- During the pandemic, audio-only telehealth was a critical tool to provide care to populations that did not use video during telehealth sessions, frequently due to factors such as lack of financial resources, disability or lack of sufficient broadband coverage.
- New HHS guidance outlines steps covered entities can take to ensure that their audio-only telehealth practices are compliant with HIPAA following the expiration of the PHE, which is set to expire July 15, 2022, but will likely be extended until October 2022.
- Covered entities should assess now whether their audio-only telehealth is compliant with HIPAA and consider the recent expansion of reimbursement for audio-only telehealth.
On June 13, 2022, the U.S. Department of Health and Human Services Office for Civil Rights (OCR) released guidance on the application of the Health Insurance Portability and Accountability Act of 1996 to audio-only telehealth. The new guidance addresses how audio-only telehealth can be provided after the expiration of COVID-19 era policies. The guidance is in response to Executive Order 14058, which called upon HHS to develop guidance for telehealth services after the public health emergency (PHE) expires. Covered entities providing audio-only telehealth and their business associates should review their policies and agreements to ensure compliance with the new guidance.
At the beginning of the PHE, the OCR issued a notice of enforcement discretion stating that it would not impose penalties for noncompliance with HIPAA against providers if providing telehealth during the PHE in good faith (the HIPAA waiver). The HIPAA waiver allows healthcare providers to use nonpublic facing audio and remote communications technologies that are not in strict compliance with HIPAA, such as Apple FaceTime, Zoom and Skype, to conduct telehealth visits with patients. The waiver will expire on the expiration of the PHE. The COVID-19 PHE continues through July 15, 2022; however, Biden administration officials have said the administration plans to continue the PHE declaration for up to another 90 days until October 2022 and will give 60 days’ notice if it plans to expire the PHE at that time.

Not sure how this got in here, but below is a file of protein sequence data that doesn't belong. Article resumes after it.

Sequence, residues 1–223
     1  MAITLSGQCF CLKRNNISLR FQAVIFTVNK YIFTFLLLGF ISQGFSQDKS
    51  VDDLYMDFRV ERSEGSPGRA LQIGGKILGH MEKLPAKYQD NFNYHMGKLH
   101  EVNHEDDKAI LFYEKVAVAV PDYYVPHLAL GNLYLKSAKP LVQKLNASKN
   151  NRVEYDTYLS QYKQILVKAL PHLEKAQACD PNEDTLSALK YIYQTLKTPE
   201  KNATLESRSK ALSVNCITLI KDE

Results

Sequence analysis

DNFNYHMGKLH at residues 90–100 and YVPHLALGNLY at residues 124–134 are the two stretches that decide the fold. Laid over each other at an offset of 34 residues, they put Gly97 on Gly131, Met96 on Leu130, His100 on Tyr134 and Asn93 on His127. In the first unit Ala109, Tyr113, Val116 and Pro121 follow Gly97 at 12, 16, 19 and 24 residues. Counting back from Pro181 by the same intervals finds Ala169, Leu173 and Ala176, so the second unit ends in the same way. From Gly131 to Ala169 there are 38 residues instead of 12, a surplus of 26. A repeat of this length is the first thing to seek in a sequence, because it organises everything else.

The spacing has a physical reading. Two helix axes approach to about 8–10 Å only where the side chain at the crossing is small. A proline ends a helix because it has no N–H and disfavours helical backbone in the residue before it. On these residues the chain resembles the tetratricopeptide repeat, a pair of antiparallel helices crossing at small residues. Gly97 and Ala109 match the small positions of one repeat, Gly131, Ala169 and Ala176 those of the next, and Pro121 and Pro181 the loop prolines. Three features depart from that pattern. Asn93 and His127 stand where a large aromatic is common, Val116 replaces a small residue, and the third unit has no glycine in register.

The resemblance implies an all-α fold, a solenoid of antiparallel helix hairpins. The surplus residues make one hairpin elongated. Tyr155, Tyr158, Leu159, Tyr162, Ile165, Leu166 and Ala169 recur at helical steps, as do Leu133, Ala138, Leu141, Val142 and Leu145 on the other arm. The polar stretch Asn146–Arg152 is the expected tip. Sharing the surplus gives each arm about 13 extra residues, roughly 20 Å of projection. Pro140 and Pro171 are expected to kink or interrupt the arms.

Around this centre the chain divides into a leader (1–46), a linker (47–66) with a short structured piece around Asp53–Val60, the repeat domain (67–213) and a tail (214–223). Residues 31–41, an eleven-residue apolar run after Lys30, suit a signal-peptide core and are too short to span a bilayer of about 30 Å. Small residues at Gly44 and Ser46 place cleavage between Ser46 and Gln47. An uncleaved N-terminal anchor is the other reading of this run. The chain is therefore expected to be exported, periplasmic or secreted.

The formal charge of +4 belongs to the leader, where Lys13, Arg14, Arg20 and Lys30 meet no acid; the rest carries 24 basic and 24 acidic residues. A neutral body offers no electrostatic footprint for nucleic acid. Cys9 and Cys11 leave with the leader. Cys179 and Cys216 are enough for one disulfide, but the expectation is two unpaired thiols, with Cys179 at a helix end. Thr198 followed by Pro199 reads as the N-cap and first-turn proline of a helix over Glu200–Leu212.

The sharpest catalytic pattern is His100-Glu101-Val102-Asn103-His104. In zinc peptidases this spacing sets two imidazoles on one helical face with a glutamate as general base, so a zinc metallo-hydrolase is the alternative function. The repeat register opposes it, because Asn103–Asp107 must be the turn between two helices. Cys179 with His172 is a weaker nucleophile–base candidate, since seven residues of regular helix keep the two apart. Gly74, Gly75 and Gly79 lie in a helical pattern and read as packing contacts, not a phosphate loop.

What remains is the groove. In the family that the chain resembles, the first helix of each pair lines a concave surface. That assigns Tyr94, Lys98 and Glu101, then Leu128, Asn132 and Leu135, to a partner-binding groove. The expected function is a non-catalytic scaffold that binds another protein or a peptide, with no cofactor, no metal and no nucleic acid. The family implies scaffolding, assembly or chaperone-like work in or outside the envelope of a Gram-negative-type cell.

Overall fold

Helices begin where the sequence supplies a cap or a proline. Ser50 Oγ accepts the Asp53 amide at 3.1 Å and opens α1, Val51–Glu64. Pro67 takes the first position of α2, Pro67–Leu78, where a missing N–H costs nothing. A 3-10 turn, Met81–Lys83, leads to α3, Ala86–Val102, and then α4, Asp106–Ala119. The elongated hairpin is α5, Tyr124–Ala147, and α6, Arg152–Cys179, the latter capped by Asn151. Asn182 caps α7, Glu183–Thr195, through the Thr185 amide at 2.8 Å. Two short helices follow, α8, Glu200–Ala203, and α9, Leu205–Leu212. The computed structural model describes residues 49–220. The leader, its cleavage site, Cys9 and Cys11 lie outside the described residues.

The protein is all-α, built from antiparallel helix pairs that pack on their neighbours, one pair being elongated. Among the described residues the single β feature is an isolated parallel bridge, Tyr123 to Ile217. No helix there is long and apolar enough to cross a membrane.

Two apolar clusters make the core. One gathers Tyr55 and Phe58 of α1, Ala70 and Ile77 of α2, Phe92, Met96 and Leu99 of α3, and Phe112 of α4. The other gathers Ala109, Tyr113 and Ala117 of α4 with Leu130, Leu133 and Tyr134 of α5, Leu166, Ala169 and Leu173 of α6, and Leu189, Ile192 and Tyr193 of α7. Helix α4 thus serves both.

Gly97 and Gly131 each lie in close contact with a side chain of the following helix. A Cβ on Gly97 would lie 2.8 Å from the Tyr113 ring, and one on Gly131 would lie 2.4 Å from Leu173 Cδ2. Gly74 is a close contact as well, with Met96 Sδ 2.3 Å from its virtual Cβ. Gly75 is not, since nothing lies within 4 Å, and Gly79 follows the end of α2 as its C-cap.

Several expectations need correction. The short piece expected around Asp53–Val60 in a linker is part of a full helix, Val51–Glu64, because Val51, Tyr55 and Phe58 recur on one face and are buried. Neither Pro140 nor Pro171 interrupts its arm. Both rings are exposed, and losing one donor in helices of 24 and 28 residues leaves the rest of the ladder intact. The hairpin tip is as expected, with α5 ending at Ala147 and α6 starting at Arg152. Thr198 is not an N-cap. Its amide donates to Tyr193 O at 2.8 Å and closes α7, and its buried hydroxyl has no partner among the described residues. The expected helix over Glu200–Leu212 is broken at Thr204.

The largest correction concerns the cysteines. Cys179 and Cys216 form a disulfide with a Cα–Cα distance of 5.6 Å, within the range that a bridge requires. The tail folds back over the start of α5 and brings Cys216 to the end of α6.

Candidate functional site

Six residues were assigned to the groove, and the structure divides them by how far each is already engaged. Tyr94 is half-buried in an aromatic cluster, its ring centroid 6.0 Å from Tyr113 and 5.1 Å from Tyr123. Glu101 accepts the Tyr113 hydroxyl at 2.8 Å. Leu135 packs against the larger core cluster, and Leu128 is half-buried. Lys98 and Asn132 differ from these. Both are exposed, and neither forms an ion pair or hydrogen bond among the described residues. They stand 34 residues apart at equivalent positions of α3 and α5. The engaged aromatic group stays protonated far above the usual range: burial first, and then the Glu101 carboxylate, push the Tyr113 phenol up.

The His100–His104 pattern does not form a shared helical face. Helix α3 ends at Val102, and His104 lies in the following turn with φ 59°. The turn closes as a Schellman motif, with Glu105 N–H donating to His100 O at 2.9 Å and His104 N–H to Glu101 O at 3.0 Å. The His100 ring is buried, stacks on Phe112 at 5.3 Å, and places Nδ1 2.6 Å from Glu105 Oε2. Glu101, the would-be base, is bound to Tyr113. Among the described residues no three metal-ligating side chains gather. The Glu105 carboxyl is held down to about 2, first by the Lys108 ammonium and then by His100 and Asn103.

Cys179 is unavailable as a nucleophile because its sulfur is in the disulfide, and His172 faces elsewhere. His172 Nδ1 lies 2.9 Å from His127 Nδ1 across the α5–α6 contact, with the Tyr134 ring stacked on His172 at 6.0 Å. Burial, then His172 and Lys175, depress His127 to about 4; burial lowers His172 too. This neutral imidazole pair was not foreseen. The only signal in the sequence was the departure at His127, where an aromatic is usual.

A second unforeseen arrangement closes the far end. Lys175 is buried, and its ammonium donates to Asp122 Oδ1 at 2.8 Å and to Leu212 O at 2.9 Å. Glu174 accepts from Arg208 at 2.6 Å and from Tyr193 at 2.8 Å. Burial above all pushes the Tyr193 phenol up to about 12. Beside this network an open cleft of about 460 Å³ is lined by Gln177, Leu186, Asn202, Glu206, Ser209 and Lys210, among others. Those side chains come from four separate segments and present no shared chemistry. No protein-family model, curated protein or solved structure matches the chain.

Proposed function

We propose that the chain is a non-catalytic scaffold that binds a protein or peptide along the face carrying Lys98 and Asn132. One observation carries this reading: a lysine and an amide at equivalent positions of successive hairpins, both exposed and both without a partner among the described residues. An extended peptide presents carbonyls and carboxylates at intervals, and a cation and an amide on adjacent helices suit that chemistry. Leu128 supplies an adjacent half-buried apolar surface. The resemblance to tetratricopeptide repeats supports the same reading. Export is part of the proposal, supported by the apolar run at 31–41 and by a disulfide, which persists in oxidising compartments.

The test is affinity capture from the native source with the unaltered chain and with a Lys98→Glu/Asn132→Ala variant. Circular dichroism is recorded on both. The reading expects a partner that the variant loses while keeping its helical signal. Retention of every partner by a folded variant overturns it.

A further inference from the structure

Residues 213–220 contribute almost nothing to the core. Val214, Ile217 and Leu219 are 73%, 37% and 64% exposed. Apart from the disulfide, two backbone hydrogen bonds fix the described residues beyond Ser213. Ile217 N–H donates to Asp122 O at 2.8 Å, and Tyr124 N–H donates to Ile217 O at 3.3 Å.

During the PHE, telehealth services have been critical to address gaps in care, but certain populations continue to have difficulty accessing or are reluctant to use video during telehealth sessions, due to factors such as financial resources, disability, limited English proficiency and lack of sufficient broadband coverage. For example, some elderly patients are reluctant to use video, in addition to audio, given lack of familiarity with an app or difficultly troubleshooting issues. Audio-only telehealth helps address these otherwise unmet needs.
The guidance describes how providers can ensure compliance with HIPAA when providing audio-only telehealth. For example:
- Covered entities must apply reasonable safeguards when providing audio-only telehealth services. Generally, reasonable safeguards include providing services in private settings; however, when a private setting is not available, reasonable safeguards may include using lowered voices and providers refraining from using speakerphones. The goal of these safeguards is to limit incidental disclosure of protected health information (PHI) while providing telehealth services.